This is the first iteration of the historical buckler project. The objective of this buckler is to make a historically accurate buckler with a raw-hide wrap that can meet all the requirements documented in the main post of this project.
Disclaimer: This is not a “how-to” post for buckler creation. I am not a professional craftsman and I will be learning along the way with these buckler iterations. I thought it would be worth documenting my progress to help motivate others to try this experiment out for themselves.
I started with a simple design. I wanted to make a planked buckler, given how common wooden ones are in the Book of the Buckler. This would create the main design challenge to overcome for this process because multiple planks will be less structurally sound than 1 large board. I also wanted to try using a rawhide wrap for this project. I have done linen wraps for shields in the past and thought rawhide would be a neat challenge that was historically accurate.
This buckler was loosely-inspired by the images in I.33 as well as the c954 buckler found in The Book of the Buckler.
This design features the first mistake I made when creating the buckler. 4”x1” planks are actually 3.75”x0.75” in dimension which resulted in me cutting two of the blanks down to meet the 12” diameter buckler design.
The buckler was made using the following items:
After the planks were cut, I marked the boss on the center of the boards to get an idea of where I will need to cut the planks next. This is where I realized the boards were not 4” and were shorter. I cut the two inside boards to create the 12” diameter I wanted for the buckler.
I quickly realized that I did not want the outside diameter of the boss. Instead, I wanted the inside area where my hand would go. This was when I decided to cut a square instead of a circle (a decision I would later regret when testing the buckler).
The cuts I made ended up being sloppy since I was using a jigsaw and saw horses. The planks were cut in a jagged shape, resulting in the buckler having areas where the planks were convex instead of flat. Ultimately, I do not believe this compromised the structural integrity of the buckler.
Finally, it was time to cut the buckler into a round-shape. This was easier than expected but resulted in a more oval shape due to the misunderstanding in plank sizing. This ultimately did not matter once the rawhide liner was applied.
After sanding, gluing the planks together, and staining the wood, it was time to add the rawhide. I soaked a rawhide bone for about an hour to soften it up and unravel it. Then I used a box cutter to cut a strip for the buckler. I also applied two patches of rawhide over the handle to add more structure. In hindsight, I think scissors may have been better to create a more uniform cut.
Rawhide did not adhere to the buckler the way I expected. In my mind, the rawhide would apply similarly to Paper Mache, holding its shape. This was not the case. I ended up using zip ties and a rope to hold the rawhide in place while it dried.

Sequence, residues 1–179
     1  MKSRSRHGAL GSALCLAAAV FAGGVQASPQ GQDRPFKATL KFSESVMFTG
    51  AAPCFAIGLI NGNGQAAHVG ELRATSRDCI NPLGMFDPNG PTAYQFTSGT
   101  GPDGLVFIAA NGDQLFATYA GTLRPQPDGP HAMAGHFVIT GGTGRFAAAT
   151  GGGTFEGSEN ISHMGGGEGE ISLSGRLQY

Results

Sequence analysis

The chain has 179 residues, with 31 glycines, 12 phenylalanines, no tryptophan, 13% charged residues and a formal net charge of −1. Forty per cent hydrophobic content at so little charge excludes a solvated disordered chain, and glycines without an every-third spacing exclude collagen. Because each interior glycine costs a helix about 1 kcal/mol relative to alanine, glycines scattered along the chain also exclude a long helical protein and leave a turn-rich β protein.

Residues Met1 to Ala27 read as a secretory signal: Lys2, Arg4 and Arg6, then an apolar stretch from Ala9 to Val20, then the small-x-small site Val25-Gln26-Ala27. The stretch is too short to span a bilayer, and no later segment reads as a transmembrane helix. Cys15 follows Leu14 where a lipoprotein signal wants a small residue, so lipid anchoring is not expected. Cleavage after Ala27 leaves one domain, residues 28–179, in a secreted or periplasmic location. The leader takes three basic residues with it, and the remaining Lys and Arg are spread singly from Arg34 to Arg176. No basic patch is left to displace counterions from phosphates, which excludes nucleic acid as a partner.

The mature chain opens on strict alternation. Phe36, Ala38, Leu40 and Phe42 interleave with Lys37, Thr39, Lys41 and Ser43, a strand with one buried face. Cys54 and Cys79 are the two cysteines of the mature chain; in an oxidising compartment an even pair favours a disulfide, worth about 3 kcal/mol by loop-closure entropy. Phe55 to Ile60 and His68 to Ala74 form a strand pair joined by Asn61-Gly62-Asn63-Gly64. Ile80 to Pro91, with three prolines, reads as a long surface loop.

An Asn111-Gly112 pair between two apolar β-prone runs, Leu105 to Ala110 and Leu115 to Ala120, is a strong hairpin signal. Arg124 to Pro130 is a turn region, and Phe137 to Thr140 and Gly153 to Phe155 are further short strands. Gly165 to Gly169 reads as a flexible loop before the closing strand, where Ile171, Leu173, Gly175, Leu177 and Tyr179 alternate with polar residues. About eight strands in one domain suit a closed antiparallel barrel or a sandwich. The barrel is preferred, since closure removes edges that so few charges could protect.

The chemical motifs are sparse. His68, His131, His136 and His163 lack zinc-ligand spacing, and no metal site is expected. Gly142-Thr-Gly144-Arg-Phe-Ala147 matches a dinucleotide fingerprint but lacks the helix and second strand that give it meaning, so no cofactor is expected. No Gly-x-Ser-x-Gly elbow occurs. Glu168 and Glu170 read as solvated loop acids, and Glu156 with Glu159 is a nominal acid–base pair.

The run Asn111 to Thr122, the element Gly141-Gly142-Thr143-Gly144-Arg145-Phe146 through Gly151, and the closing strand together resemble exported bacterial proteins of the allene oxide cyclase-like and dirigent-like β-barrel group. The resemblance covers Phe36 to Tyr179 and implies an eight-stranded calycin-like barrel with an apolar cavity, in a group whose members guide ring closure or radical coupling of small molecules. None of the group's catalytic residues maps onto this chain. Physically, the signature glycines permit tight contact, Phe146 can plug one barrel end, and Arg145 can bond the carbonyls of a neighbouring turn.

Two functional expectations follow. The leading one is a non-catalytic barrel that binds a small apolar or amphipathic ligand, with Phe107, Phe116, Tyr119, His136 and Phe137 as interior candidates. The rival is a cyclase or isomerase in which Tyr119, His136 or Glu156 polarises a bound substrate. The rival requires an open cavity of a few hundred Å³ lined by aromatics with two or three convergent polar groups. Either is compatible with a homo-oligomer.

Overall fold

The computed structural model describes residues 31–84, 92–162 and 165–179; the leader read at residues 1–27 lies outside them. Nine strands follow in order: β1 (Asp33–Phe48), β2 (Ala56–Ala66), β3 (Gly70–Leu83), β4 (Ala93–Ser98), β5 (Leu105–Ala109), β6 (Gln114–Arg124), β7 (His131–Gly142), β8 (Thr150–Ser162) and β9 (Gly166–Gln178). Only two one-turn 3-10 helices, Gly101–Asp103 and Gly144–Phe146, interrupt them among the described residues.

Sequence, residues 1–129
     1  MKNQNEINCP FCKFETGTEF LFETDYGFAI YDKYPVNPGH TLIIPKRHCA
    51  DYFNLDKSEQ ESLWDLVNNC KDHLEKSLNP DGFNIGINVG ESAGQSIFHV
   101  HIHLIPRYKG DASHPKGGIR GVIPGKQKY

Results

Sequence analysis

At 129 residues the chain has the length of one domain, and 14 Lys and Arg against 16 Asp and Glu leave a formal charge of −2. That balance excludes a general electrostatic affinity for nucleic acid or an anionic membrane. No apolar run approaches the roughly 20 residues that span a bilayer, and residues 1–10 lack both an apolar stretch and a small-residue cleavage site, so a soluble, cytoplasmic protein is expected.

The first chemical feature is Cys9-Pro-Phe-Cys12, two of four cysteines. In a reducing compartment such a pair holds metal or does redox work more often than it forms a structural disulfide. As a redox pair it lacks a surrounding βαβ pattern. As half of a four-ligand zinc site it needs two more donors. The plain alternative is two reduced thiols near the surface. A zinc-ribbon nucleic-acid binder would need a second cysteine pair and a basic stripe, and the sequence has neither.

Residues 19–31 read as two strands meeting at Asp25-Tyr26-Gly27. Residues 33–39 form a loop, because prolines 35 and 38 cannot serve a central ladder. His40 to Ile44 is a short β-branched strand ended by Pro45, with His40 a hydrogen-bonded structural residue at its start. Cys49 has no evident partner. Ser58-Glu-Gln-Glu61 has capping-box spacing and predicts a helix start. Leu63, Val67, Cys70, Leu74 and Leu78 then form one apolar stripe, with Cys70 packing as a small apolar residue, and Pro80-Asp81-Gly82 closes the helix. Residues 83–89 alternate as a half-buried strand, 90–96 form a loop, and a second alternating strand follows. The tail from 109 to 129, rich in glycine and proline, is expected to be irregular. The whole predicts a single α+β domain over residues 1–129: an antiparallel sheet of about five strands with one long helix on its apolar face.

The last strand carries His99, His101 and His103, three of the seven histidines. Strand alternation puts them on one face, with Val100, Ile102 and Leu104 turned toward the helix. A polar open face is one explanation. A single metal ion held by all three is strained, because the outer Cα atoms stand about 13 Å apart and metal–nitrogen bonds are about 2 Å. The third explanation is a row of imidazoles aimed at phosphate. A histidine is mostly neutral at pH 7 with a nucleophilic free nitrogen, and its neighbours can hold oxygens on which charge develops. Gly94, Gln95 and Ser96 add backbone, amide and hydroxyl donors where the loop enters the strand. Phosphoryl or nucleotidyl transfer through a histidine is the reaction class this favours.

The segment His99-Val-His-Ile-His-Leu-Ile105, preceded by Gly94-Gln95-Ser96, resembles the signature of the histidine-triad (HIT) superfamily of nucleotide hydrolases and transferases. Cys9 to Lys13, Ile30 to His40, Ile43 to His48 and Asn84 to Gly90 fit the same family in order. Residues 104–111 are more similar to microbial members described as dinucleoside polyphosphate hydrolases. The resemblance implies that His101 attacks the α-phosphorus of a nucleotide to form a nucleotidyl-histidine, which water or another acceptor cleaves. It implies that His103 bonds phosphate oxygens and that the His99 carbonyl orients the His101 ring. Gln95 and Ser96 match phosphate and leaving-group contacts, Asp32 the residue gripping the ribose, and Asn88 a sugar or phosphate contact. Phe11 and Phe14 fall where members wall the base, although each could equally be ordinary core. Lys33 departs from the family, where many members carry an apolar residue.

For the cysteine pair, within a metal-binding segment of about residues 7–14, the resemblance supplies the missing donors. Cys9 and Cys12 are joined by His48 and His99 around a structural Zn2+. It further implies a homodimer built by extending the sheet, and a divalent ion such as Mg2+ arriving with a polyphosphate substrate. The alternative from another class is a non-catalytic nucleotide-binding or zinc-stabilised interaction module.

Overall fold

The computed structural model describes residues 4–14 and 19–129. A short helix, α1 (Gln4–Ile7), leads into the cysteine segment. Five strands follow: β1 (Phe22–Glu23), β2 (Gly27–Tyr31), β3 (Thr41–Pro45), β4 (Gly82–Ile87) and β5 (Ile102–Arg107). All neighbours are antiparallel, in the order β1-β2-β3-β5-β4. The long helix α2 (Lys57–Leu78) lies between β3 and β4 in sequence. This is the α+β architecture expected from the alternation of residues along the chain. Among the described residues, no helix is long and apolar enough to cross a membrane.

After letting the rawhide dry a few days, it was time to untie it and see the results. I was pleasantly surprised with how well it held its shape without applying adhesive. Next, I drilled holes to prepare for the rivets.
The end result was a fairly well-balanced buckler that felt nice in the hand. It was now time to battle-test the buckler.
The planked rawhide buckler ended up being one of the heaviest 12” bucklers in my collection. However, because most of the weight was from the boss, the buckler felt easy to maneuver in the hand.
Ultimately, the buckler failed in the 4th round of sparring. It was hit directly near the rivets with the crossguard of the sword resulting in the wood splitting near the rivets. This was likely because I used rivets that did not completely go through the wood and also because the rivets were placed near the edge of the planks (a design flaw created by the square cut out for the boss).
A full discussion from the team, including the buckler-breaking shot, and the post sparring inspections of the buckler can be found in the following video:
Ultimately, this iteration of the buckler was a failure. If I were a cleric studying from I.33 in the 14th century, I would not want a buckler that could not survive 4 sparring sessions. I suspect bucklers were designed to last far more my buckler did.
While not a catastrophic failure, the handle did become loose after the 4 sparring sessions. If the face of the buckler had not failed, then the handle was likely the next failure point. There were also complaints about the feel of the square handle.
However, the advantages the rawhide and wood material created in sparring were noticeable. The material sponged blows and resulted in the buckler binding against the opponent’s sword. It helped me set up some shield-strikes as well. Overall, I prefer this type of buckler over a steel buckler when it comes to executing I.33 techniques. While this is circumstantial evidence, it does highlight that bucklers are not just round discs held in the hand. They are tools that can add their own flavor to the fight.
Notes for the Next Version
To avoid the design decisions that resulted in this buckler’s failure, I will need to do the following:
Another feature I will need to consider is the handle. I plan to round of the handle and possibly wrap it with a twine rope to add comfort for the user. The rawhide used to secure the buckler ultimately did nothing. I will need to explore better ways to keep the handle from becoming loose.
I also plan to use wood glue to secure the rawhide to the buckler. This will be done to add more structure to the buckler overall.
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